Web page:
Marvin T. Paulson
D. C., “here we come!” 3042 miles. We made a comparatively
leisurely trip this time with stops at Medelia at my brother’s
and at Shannon, Illinois with Muriel’s mother. In all,
it took us 14 days.
much is said about the difficulty in finding housing in Washington
that we took a temporary apartment in Alexandria to look around.
Our good friends, Ivan and Lucy Smith, gave us good guidance
and suggestions on where to locate. Ivan was the computer on
my triangulation party for two years until he landed a position
with the C&GS in Washington. We later settled for a new
one-bedroom apartment across the street from the Smiths in Shirlington,
a suburb of Arlington.
My first impression of Washington was the terrific tie-ups in
traffic for going to work and, even more, on the homeward trek.
There were only two bridges across the Potomac River at that
time - one a lift-bridge for river traffic. What took 15 to
20 minutes on a clear “sailing” day would take at
least an hour to an hour and a half on the average for going
home traffic. Winter problems would add to the congestion.
Coast and Geodetic Survey was a bureau of the Department of
Commerce that occupied three floors on the east side of the
Commerce building. My office was on the ground floor, southeast
side, and closest to the Washington Monument such that I could
keep an eye on it from my desk. I felt privileged.
assignment was “Special Assistant to the Director, Office
of Cartography” with specific duty to prepare and monitor
the budget and expenditures for the Director. The office had
four Divisions: Nautical Charts, Aeronautical Charts, Reproduction
and Distribution. The Nautical and Aeronautical Divisions compiled
the drawings of charts from raw field survey data. The Reproduction
Division photocopied the drawings and printed the final charts.
The Distribution Division maintained an automatic mailing list
of subscribers and commercial agents and distributed the printed
1960, there were over 42,000,000 charts issued, a large percentage
of which were reproduced on a tight publication schedule. Certain
charts, especially aeronautical, become obsolete at periodic
intervals; others become obsolete only by printing of new editions.
Certain chart sales are seasonal in nature; others are issued
on a regular subscription basis. Some charts are corrected to
date of issue; others can be issued directly “off-the-shelf.”
The format of various aeronautical charts series is constantly
being revised to meet changing requirements and regulations,
whereas most nautical charts are comparably stable.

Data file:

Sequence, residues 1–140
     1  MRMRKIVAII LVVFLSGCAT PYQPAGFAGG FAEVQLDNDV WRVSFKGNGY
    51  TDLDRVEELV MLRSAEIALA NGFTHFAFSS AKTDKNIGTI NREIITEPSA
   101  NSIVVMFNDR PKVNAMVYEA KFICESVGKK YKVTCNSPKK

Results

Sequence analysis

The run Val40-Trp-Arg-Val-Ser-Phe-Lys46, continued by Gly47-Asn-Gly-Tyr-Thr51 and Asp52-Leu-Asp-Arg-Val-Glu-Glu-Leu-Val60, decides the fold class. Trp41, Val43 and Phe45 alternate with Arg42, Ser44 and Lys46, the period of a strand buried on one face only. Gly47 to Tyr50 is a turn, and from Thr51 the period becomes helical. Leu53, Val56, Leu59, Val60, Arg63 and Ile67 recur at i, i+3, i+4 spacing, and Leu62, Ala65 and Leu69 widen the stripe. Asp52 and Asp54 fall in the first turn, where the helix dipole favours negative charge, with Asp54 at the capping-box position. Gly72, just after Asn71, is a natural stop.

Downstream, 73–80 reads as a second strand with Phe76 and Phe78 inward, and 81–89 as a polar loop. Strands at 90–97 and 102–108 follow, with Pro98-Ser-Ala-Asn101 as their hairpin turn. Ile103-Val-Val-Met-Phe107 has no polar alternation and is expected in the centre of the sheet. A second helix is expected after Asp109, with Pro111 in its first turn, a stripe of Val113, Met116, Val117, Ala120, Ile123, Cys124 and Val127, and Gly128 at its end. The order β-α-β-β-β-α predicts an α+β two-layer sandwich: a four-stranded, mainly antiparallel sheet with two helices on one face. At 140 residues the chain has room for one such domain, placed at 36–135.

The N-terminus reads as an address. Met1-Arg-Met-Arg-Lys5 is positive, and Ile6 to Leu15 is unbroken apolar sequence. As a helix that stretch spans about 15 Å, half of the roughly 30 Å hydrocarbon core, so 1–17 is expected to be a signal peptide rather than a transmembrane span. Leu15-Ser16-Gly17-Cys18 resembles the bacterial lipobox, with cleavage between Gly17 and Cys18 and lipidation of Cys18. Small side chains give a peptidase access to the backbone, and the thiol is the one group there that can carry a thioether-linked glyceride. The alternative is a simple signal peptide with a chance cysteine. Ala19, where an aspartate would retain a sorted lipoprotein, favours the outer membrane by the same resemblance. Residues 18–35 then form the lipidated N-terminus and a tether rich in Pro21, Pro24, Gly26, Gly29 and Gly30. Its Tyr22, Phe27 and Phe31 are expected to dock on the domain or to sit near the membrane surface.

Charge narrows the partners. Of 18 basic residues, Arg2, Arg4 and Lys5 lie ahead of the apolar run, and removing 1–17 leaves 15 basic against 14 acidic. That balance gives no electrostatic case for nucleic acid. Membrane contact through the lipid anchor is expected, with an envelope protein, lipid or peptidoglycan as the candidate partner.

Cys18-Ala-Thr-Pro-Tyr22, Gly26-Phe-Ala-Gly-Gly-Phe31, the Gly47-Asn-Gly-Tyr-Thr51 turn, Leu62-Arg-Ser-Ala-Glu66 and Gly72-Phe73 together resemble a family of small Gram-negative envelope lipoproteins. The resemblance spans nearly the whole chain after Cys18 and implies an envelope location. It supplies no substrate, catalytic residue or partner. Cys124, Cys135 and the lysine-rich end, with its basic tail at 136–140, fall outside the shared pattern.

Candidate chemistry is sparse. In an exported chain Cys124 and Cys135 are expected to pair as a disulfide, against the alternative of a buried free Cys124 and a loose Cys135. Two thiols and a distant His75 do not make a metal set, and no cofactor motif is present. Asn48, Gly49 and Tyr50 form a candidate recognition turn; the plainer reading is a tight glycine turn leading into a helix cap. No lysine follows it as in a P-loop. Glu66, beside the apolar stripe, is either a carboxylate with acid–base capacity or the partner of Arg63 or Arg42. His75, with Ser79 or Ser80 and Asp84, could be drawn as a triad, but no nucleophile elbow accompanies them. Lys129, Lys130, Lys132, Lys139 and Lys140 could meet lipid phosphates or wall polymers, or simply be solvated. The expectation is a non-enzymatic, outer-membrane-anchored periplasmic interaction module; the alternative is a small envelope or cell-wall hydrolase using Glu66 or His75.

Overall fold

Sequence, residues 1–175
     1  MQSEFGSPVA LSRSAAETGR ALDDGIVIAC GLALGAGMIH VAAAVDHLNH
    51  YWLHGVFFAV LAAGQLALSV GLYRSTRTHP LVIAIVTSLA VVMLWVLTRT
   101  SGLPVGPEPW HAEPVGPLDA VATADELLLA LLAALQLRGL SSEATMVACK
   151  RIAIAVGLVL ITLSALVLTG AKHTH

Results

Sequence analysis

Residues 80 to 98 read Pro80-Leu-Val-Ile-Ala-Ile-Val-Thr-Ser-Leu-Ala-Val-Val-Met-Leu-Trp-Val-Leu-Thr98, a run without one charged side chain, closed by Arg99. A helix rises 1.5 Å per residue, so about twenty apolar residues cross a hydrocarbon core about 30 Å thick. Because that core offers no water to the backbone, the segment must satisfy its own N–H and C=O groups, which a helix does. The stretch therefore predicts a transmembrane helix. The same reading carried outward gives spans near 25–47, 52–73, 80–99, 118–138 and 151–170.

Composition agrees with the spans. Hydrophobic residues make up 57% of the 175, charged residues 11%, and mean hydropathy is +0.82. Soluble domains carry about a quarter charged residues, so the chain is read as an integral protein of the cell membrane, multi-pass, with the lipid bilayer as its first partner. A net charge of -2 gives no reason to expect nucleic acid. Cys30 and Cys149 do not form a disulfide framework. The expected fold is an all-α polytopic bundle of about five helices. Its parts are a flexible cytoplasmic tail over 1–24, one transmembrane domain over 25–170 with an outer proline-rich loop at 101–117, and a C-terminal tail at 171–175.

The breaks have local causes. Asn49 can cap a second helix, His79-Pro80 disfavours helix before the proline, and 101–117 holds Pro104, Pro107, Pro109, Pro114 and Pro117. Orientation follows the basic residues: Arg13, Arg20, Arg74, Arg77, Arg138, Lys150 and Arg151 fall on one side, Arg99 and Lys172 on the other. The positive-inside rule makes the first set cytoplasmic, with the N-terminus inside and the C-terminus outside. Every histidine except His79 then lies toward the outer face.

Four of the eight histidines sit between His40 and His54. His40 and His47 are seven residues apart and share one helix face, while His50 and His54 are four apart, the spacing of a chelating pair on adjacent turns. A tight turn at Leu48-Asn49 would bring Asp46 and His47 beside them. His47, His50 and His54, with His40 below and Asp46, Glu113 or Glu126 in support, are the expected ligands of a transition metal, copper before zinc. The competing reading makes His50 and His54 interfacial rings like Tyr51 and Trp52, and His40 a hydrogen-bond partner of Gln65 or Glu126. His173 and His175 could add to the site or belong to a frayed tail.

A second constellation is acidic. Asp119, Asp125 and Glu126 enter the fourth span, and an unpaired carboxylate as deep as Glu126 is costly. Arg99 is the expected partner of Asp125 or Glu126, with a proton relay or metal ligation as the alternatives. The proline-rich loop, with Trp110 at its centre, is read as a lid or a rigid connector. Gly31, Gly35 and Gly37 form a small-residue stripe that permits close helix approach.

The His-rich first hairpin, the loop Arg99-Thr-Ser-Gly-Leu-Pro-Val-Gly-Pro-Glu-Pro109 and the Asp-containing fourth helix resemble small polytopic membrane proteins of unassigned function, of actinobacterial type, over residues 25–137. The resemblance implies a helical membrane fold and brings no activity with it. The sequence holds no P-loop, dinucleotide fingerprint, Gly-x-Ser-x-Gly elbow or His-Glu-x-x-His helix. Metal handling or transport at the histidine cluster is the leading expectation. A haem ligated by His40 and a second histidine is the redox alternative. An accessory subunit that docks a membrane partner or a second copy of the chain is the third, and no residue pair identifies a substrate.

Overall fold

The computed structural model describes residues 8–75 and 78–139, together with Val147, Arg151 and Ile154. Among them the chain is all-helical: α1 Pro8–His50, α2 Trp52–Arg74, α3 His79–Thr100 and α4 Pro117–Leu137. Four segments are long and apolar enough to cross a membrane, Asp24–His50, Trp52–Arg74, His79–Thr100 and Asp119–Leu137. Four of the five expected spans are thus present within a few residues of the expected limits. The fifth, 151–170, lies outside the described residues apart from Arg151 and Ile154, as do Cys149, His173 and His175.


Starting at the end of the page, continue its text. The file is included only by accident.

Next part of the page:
to schedule is an essential element in production of charts.
A disruption in any segment may have a domino effect on the
entire chain of events. As a means to become knowledgeable and
familiar with the entire process, snafus in the process would
be assigned to me for investigation and solution. It was amazing
how smooth the production functioned most of the time; and yet,
disruption of the smallest link could be so catastrophic in
the overall publication effort. A most interesting assignment....
Sunday, I attended church services alone and on the way home
stopped at a promotional open house at a new development. I
was very impressed with the house, the neighborhood and the
fact that the contractor had saved every tree that he could
during construction. I drove home full of enthusiasm, convinced
Muriel to go take a look, drove back, she was impressed, we
discussed details and at 3 P. M. signed for our first house.
As we were leaving, another couple came in and announced “We’ll
take it.” “Sorry, “ was the answer - “It
is sold.” They later became our neighbor up the street.
the day before we were scheduled to move into our new home,
I was handed “emergency orders” to replace the Executive
Officer on the HYDROGRAPHER who had been hospitalized. What
a blow - no amount of argument could sway the powers that be.
Only 10 days was the reply - the ship is on a very sensitive
mission testing for nuclear contamination from a dump site in
Sunday, I departed Washington. On Monday, Muriel moved into
our first home all by herself. Professional movers did the heavy
work and Ivan and Lucy Lee gave moral support and assistance;
but the fact remains, Muriel moved in alone. I returned in 10
days as promised, but also got orders for extension of ship
duty for another 10-day trip. Two days leave was authorized
for me to fly home from Boston and return. I don’t think
that I have to explain to any of you all the trials and tribulations
that Muriel had to go through in getting settled, but when I
returned the second time, our home was well established and
the most beautiful sight I could have imagined. Those last two
weeks had been the longest for both of us but we survived and
have chalked it up to just another experience in a long list.
were so happy with our new home and neighborhood and every place
that we have lived since that time was compared to “the
way it was.” We were fortunate to live there for nearly
four years -- Muriel did anyway, and me too of course, but near
the end of two years as “Special Assistant,” I had
a 5-month detail to the Armed Forces Staff College in Norfolk
with only week-end commutes home.... As it turned out, three
other officers at the College also lived on our side of town,
so we had a car pool. Poor Muriel, she had no transportation
during my time to drive. Thank goodness for considerate friends.
graduating from Staff college, I was given a very choice assignment
as Chief of the Nautical Chart Division. It was choice because
chart production was undergoing an evolution of sorts toward
automation. The small craft chart publication was in its infancy
and became my concentrated promotional activity. In doing this,
I promoted Cooperative Charting with the U. S. Power Squadron
and the Coast Guard Auxiliary which I believe was my accomplishment
of record. Under this program they would provide reliable reporting
of corrections or uncharted dangers in exchange for charts and
other publications for their education programs. I am kind of
proud to say that it is a viable program today - 40 years later.
good assignments must come to an end and it was back to sea
duty for me and a lonely vigil for Muriel during my absence.
To commute to and from Norfolk was an option that we considered
but opted for selling the house and moving to Norfolk. We had
no assurance that another Washington assignment would be in
signed a lease in a new apartment development in Norfolk, installed
new carpet and moved in. In the morning, we woke up to a soaking
wet carpet and a non-functioning wall heater. Luckily, we were
relieved from our lease and reimbursed for the damaged carpet.
We were aware of another available apartment, though expensive,